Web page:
The data comes from analytics firm Second Measure. DoorDash got 33 percent of all food delivery sales in the U.S. in 2019. GrubHub, which used to be No. 1, captured 32 percent of the market. Uber Eats captured 20 percent, and Postmates got 10 percent.
DoorDash sales grew 143 percent year over year, which changed the delivery landscape significantly from 2018, when GrubHub held onto 43 percent of the market.
The digital food industry continues to grow, and it’s estimated that it will become a $467 billion business in five years, which is an increase of 31 percent over current numbers.
However, the digital food delivery industry also has to deal with very thin margins and sometimes murky paths to profitability.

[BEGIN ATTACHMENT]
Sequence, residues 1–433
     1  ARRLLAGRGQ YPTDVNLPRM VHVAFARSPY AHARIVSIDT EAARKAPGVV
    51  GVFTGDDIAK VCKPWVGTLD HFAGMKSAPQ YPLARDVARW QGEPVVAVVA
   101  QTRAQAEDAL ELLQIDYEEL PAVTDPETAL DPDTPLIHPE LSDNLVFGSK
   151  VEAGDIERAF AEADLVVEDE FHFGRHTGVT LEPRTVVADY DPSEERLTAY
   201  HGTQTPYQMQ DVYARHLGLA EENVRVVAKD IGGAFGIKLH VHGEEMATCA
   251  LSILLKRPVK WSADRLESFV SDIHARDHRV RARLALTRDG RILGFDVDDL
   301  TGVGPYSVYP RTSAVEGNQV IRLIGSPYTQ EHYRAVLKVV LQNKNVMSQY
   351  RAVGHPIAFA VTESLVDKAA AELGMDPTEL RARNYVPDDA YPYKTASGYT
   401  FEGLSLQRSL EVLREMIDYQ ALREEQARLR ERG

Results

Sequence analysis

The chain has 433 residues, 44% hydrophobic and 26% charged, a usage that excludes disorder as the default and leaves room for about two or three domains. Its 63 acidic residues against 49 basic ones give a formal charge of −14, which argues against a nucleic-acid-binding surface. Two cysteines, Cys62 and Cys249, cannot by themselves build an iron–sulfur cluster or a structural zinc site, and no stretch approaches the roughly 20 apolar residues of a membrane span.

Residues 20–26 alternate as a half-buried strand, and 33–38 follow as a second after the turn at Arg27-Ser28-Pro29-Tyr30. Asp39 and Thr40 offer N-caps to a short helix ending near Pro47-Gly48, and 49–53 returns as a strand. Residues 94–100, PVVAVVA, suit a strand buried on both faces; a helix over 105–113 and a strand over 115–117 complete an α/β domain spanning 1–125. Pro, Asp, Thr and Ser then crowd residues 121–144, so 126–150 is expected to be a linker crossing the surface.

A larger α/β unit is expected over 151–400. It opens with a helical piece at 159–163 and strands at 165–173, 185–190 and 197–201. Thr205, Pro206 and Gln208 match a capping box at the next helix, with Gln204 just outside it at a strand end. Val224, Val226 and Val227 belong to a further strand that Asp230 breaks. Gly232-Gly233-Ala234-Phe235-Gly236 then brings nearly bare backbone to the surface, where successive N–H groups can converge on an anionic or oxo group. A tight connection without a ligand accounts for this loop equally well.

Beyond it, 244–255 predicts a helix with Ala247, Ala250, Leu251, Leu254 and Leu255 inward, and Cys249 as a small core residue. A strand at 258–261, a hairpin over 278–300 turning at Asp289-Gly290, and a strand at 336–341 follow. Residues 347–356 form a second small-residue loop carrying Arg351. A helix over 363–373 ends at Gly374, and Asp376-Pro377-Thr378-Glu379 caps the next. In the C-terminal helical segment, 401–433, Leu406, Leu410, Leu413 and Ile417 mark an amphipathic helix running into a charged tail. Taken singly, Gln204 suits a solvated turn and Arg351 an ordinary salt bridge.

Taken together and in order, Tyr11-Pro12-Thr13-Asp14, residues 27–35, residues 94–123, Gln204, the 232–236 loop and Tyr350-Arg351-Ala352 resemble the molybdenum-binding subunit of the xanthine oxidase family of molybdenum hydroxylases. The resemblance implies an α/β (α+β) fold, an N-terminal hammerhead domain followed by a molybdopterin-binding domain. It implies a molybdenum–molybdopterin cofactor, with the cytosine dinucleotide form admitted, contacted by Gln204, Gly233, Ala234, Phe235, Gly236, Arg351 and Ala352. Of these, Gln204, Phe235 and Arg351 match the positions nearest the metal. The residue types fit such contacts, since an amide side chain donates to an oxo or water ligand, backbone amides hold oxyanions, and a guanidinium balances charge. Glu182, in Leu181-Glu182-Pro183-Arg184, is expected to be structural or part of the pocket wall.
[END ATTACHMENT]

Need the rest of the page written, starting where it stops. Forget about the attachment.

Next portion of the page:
Digital delivery sales have gone up overall, but average checks have not. In fact, the average check has fallen from over 4 percent in 2015 to no growth last year.
Aggregators are also now starting to appear in the marketplace, with companies like FoodBoss comparing the prices of different services.
It’s difficult for restaurants to find a balance between teaming up with aggregators, who can help an eatery with its reach, marketing and distribution, with the economic realities of paying a large fee to them, according to Karen Webster, CEO of PYMNTS.
“Restaurants are trying hard not to follow in the footsteps of their retail brethren a decade or so ago, when they ignored the impact of digital, mobile and voice — and the proliferation of connected devices — on their businesses,” Webster said. “Many recognize that, although small in terms of percentage of sales, the digital and delivery channel is growing more rapidly than visits to physical establishments. And in an effort to not miss out on those trends, they are following the classic digital commerce playbook: Be where the consumers are.”